First, how is verse-by-verse preaching cheating and easy? I assume he means that it doesn’t take much skill because he thinks it doesn’t require a reading of the culture. It’s true that verse-by-verse preaching can be bad. (But then again, non verse-by-verse preaching can be bad as well, and often is from what I’ve seen!). But this is a false conclusions based on bad assumptions. One only needs to listen to, say, Mark Dever’s sermon introductions to see one who preaches expositionally yet is clearing reading the culture and creating the realization that those listening need to hear what God’s word says from that text.
If one is preaching well, he is not only doing the hard work of first listening to what God is saying in the text, he is also doing the hard task of thinking through applying that truth in a real, practical, faith-building way. Frankly, in my opinion, the person who doesn’t preach verse-by-verse is the one who has it easy. He never has to deal with difficult passages or think through situations and biblical teachings he might not have otherwise thought about. He can – and often does – coast through the same themes from different texts, packaged a slightly different way over and over again.
Stanley also wrongly assumes that because there is no example of verse-by-verse preaching in the Bible, we shouldn’t do it. Why is there no example of verse-by-verse preaching in the Bible? Because we have no examples of a weekly preaching ministry in the Bible! We mainly have sermons given in an evangelistic/apologetic situation. So arguing it’s not important because there’s no example of it is kind of like saying people who only see me on Sunday mornings should assume I always dress up. It just doesn’t work.
The reality is, we emphasize verse-by-verse because of what we believe about God’s word. It is God’s word and every verse deserves to be taught. (One of the best sermons I gave was on Jesus’ genealogy.) Pulling verses together from all over the place would be okay if that’s how the Bible was written. But it wasn’t. God gave verses that were part of paragraphs that were part of books. Paul wrote Ephesians so why not preach Ephesians? What’s wrong with preaching God’s word the way he gave it?
I’m not saying one can ONLY preach verse-by-verse. But I think that’s the best way to preach over the long haul. In fact, I think this points out a massive flaw is Andy’s approach. He says
My challenge is to read culture and to read an audience and ask: What is the felt need? Or perhaps what is more important, what is an unfelt need they need to feel that I can address?
So here’s the question, how do you read the needs of 20,000 adults? According to his church’s website, that’s how many attend services every week. And Stanley builds his approach to preaching on the belief that he needs to bring a message based on the needs of his people, or perceiving a needs they need to feel and creating the feeling for it. But, practically speaking, how can you do that with 20,000 people? As far as I know, you can’t. And this is where the beauty of verse-by-verse, expositional preaching comes in; you don’t need to! If you preach straight through a book of the Bible, there will be such a diverse array of issues dealt with, that all kinds of felt needs will be met, and unfelt needs will be realized and met. Will there be times when something hits everyone in the church? Yes, and in those times I think it’s appropriate to say something. But as a whole, I think if that’s all you do, you will malnourish God’s people.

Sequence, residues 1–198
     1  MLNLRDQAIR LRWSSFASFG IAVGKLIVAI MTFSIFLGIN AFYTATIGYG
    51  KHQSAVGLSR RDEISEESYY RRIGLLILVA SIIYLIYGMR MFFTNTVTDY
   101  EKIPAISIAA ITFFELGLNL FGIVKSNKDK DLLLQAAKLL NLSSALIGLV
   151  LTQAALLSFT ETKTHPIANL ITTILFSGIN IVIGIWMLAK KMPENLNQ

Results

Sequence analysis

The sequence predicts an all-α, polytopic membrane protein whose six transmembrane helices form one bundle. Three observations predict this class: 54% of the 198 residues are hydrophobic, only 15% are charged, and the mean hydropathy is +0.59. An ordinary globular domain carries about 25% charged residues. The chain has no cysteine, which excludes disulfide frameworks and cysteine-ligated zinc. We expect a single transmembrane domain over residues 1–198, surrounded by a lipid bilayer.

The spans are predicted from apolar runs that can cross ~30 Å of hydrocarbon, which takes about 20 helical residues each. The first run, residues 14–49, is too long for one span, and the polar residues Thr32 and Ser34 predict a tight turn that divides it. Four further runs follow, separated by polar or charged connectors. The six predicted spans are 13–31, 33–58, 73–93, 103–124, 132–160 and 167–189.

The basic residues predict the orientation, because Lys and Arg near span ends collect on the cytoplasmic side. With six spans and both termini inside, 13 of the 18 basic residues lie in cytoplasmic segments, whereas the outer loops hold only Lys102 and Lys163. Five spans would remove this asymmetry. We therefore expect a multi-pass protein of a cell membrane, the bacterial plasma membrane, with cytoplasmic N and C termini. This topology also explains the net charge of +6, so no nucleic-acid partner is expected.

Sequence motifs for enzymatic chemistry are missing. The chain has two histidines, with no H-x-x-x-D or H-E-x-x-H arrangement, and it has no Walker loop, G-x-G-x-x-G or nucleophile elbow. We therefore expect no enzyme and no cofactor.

I don’t doubt that Stanley is an effective communicator, but that doesn’t mean he’s a good preacher. Being able to communicate well, and being able to open up God’s word with power by his Spirit resulting in changed lives are not the same. I’m not prepared to make a judgment on whether or not Stanley’s a good preacher because I’ve never listened to one of his sermons. But I could easily see someone walking away from his book thinking “if I just plug and chug the instructions in the book I will be a great preacher” without taking into consideration what Stanley may (hopefully!) be assuming.
And at the end of the day, I am all for engaging communication. I want people to feel the need of knowing and applying God’s truth to their lives because I want people to experience change. I want to be clear and effective in my speaking. I want to be continually growing in my abilities and approach to communicating. But this is not something I can only learn about from Andy Stanley. In fact, most good preaching books that deal just as much with getting at the truth of the text also deal with communicating well. And it seems to me those book often have in spades what is lacking in Stanley’s work. Namely, a clear call to treat the Bible as God’s Word, patiently mining it’s treasure, and teaching your people to do the same. Therefore, I will heed again the call to be effective in engaging people, but will probably not embrace the system Stanley embraces for his communicating. I will stay with largely preaching verse-by-verse through the Bible because, despite what Stanley says, that is how people can grow.
Recommended preaching books: